China's trusts may overtake insurance as the second largest sector for financial services, due to rapid growth which is being driven by abundant liquidity and a corresponding shortage of investment options in China, according to a recent KPMG report.
KPMG's second annual Mainland China Trust Survey and its fourth report on the sector to date, contains the summary financials of 64 out of 66 registered trust companies in China.
Net profit growth for the sector was 47 percent, with the primary driver being the expansion in fee and commission income, which now accounts for 73 percent of total sector income (compared to 58 percent in 2010). Throughout 2011, the sector has demonstrated rising growth, with a 58.25 percent year on year increase in assets under management, an additional RMB 1.8 trillion (USD 282.4 billion) of assets injected into the industry.
Simon Gleave, Regional Head of Financial Services, KPMG Asia-Pacific, says: "2011 was a great year for the trust sector, marked by significant AUM and profit growth. However, the nature of risk in this sector is changing, which is one of the key areas our report focused on."
"Trust companies also face rising competition from the financial services industry, mainly being driven by securities companies with their increasing wealth management capabilities, and the launch of a junk bond market in 2012 on the Shanghai Stock Exchange with bonds offering rates competitive with that of trust debt products."
In terms of product innovation and the range of available products, the report notes a decline since 2011. Debt (or equity structured as debt) products have crowded out other product offerings of many trust companies, due to a perception among investors that they are lower risk.
Jason Bedford, Senior Manager and Author of the report, says: "We were pleasantly surprised with the high level of transparency in the sector. In many ways, trust companies are setting a benchmark in terms of transparency, in comparison to other financial institutions. In addition, we feel that they are becoming professional entities, investing more in risk management and client relationship management, although there is scope for further improvement."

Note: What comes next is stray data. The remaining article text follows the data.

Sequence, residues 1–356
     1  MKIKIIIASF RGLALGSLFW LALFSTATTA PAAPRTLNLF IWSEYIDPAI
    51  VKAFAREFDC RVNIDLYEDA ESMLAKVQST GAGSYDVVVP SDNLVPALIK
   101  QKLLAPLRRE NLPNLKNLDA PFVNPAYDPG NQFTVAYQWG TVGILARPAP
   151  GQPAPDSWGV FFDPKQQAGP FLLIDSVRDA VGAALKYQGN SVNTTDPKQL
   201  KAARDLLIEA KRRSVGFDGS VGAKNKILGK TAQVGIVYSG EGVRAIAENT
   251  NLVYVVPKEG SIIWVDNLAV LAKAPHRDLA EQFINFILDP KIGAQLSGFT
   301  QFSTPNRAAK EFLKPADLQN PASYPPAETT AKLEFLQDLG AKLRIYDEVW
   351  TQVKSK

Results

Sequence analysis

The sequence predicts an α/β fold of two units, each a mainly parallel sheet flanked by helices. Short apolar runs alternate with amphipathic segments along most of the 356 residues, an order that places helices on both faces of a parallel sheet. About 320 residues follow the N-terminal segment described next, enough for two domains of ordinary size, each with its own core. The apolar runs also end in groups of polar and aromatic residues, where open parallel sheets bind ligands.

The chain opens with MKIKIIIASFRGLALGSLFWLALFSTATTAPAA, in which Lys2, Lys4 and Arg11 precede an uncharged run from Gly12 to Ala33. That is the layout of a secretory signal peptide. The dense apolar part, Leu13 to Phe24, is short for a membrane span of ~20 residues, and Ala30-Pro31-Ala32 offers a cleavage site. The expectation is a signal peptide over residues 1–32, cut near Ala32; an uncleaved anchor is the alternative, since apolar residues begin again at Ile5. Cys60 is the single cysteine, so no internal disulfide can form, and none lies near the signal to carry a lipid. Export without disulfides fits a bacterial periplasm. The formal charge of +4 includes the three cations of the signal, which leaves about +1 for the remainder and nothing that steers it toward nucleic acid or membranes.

This is particularly true for risk management, as Simon Gleave explains: "Risk in this sector should be viewed through a number of lenses. There is a level of strategic risk present that is not easily observed in other areas of the financial services sector. Unlike a bank, the role of a trust company in China's capital markets is not clearly defined and there is great deal of business model variance from one trust company to another. Without a strategic vision in place, companies run the risk of their existing business model being unable to respond to changes in the market.
Second, there are significant compliance and regulatory challenges that trust companies face, particularly in light of the rapid growth of the sector which has resulted in efforts to temper growth. Third, as competition in the sector heats up, trust companies are facing increasing operational challenges and cost pressures to ramp up their project monitoring and risk assessment. Credit risk is also beginning to emerge in the sector as certain trust companies take on a proportion of liability of some of their fixed income product offerings," he adds.
Increasing competition between the trust companies themselves and other players in the market are also changing some of the dynamics in this sector. Jason Bedford concludes:" While trust companies currently maintain a relatively unchallenged position in terms of providing investment alternatives to the market, this is gradually changing. Likewise, while many areas of the economy are currently struggling to secure finance, giving trust companies the benefit of being able to select from a wide range of attractive projects to finance, this opportunity would lessen in the face of increased credit, a challenge they need to prepare to respond to."
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